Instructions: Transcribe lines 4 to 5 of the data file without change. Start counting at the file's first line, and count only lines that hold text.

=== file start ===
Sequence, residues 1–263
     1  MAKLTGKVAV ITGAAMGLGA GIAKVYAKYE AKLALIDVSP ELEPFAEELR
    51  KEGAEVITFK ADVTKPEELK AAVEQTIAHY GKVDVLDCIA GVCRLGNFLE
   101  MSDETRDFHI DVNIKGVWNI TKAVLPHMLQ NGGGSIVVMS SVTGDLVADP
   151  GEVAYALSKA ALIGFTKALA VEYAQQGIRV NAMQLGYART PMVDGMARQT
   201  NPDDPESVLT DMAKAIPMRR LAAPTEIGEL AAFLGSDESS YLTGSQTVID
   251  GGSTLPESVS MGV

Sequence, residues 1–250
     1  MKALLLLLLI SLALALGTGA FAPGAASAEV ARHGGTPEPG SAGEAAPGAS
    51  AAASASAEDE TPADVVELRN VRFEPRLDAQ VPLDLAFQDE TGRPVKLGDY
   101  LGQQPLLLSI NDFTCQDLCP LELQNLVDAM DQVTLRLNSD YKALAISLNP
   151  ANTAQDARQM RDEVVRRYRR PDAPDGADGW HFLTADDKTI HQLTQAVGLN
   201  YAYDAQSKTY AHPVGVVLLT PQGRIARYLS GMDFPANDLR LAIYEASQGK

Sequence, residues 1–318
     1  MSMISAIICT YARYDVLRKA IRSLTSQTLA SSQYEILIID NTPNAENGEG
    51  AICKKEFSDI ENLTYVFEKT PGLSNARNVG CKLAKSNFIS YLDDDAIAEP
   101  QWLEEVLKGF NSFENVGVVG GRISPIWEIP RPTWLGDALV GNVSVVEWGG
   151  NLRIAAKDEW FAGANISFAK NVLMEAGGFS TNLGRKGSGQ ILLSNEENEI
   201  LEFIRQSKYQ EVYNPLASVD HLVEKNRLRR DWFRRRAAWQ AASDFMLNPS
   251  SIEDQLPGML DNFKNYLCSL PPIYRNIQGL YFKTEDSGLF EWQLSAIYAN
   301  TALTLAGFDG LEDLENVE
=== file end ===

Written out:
   101  MSDETRDFHI DVNIKGVWNI TKAVLPHMLQ NGGGSIVVMS SVTGDLVADP
   151  GEVAYALSKA ALIGFTKALA VEYAQQGIRV NAMQLGYART PMVDGMARQT